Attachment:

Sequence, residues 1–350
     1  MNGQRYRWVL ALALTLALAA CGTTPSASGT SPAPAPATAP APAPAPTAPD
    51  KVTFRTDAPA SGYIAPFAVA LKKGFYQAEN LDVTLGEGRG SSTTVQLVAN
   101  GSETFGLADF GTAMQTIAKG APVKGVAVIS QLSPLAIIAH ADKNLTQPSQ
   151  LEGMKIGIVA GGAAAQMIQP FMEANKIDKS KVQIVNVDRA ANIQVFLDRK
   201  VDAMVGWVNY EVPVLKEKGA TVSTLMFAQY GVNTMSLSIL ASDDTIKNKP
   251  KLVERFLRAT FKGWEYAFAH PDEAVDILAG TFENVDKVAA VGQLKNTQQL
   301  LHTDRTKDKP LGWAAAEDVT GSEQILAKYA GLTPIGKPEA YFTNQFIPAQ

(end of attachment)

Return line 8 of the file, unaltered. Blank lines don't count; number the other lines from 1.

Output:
   301  LHTDRTKDKP LGWAAAEDVT GSEQILAKYA GLTPIGKPEA YFTNQFIPAQ